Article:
Info and photo from the Homeland Security website
Photo by California Governor's Office
* More Information on California Wildfires HERE and HERE
About above photo: As the sun begins to rise over Naval Base San Diego in Coronado, Calif., October 23, 2007, smoke from the wildfires lingers overhead. More than 250,000 people have been urged to flee their homes across Southern California as wildfires continue to spread throughout the county. Navy Region Southwest has established several Military Evacuation Centers for Navy families who have been forced to evacuate their homes.
U.S. Navy photo by Cdr. Jane Campbell
* The USAToday.com website put this report out around 12:00pm CDT... Fierce Santa Ana winds that have driven raging wildfires for three days moderated on Wednesday, giving exhausted firefighters better conditions to battle 16 fires that have already caused $1 billion in property damage in San Diego County alone... The winds, which had reached gusts as high as 100 mph, fell to a sustained speed of 21 to 36 mph in some areas. Westerly seabreezes were also expected to counter the hot winds that have been roaring in from the Mojave Desert for three days...
Read story in full at link below...
Shifting winds may help California firefighters
* The CNN.com website has lots of info, photos, stories, videos and more at link below...
Fire 'Tornados' Form In California
Video post on LiveLeak by: barnesy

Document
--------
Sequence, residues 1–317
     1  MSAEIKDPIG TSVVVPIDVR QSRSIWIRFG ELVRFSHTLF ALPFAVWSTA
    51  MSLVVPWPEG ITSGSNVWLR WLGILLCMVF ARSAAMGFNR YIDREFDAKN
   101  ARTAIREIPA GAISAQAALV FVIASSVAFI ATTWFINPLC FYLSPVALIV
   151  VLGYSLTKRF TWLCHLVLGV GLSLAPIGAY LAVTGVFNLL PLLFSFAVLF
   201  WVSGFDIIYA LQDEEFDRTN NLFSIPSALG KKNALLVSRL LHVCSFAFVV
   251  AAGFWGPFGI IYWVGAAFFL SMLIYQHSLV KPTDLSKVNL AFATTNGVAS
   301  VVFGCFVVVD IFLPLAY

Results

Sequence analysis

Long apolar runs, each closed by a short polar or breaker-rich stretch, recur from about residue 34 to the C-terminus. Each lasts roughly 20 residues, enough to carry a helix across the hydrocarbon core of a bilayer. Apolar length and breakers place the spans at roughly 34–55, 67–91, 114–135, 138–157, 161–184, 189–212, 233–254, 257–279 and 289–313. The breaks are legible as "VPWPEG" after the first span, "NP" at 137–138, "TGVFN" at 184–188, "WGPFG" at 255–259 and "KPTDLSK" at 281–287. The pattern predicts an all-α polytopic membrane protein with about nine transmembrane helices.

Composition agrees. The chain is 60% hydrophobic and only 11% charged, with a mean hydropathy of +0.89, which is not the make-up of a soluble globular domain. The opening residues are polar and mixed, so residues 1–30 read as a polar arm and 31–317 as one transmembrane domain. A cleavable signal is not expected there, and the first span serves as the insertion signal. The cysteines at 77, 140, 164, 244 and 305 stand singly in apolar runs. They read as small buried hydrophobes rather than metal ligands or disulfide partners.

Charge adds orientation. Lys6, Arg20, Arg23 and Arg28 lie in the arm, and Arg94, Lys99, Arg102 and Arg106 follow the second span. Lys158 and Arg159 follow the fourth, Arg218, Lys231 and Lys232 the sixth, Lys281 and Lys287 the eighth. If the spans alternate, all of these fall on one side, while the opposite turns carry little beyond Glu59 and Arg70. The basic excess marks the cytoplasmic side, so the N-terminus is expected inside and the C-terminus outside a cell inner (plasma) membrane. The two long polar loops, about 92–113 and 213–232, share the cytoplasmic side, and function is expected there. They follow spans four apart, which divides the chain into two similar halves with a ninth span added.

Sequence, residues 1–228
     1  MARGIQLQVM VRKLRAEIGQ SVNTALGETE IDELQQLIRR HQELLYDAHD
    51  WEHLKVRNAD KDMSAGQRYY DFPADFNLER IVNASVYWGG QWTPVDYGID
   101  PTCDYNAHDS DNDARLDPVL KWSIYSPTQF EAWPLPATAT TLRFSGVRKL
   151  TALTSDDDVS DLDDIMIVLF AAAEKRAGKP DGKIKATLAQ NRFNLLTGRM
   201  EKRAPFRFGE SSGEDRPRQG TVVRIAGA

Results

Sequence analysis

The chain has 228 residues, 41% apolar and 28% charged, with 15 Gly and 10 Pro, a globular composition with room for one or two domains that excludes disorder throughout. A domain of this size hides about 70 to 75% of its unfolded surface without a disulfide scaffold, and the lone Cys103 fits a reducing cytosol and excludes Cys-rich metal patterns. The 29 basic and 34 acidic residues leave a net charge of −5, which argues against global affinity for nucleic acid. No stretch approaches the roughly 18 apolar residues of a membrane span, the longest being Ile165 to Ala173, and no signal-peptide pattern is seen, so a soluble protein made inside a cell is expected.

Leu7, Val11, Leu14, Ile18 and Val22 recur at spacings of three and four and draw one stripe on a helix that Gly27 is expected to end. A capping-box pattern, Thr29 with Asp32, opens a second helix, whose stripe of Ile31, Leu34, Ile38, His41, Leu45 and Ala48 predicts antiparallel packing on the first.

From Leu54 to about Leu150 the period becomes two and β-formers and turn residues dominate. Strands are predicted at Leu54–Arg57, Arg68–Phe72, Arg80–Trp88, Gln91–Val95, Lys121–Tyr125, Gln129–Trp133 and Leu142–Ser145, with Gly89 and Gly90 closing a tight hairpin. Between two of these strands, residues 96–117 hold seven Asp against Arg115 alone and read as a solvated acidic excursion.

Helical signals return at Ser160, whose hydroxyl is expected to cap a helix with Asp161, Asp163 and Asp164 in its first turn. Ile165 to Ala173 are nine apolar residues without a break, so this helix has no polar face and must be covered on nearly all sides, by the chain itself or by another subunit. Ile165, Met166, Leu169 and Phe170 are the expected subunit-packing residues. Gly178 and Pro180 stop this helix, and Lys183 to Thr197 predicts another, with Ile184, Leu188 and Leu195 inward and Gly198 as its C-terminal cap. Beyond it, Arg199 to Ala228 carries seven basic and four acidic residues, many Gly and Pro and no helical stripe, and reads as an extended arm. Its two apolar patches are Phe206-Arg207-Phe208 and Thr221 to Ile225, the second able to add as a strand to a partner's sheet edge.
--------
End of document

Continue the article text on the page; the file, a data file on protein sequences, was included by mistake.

Fires in Southern California
(The following image and info is from the EarthObservatory.NASA.gov website)
This image of the fires in California was captured at 1:55 p.m. U.S. Pacific Daylight Time on October 22, 2007. Places where MODIS detected actively burning fires are outlined in red. Thick streamers of smoke unfurl over the Pacific Ocean. The brownish plumes are clouds of dust. Fires northwest of Los Angeles seemed calmer at the time of this image than they were the previous day.
The drought in the Southwest throughout summer 2007 has been “extreme” according to the categories used by the U.S. Drought Monitor. Dry vegetation and Santa Ana winds, which can reach hurricane force as they race downslope from the deserts of the Great Basin and through narrow mountain passes, are often a devastating combination in Southern California. According to the Incident Management Situation Report from the National Interagency Fire Center for October 22, Santa Ana winds were expected to continue through Wednesday.
For more information about individual fires in Southern California, visit the Fire Information page of the National Interagency Fire Center Website.
You can download a 250-meter-resolution KMZ file of the fires suitable for use with Google Earth.
NASA image created by Jesse Allen, using data provided courtesy of the University of Wisconsin’s Space Science and Engineering MODIS Direct Broadcast facility.
I will post more on this terrible story over the next few days. But again I say... God’s speed to all of those who are helping in the effort to fight these terrible... ongoing fires.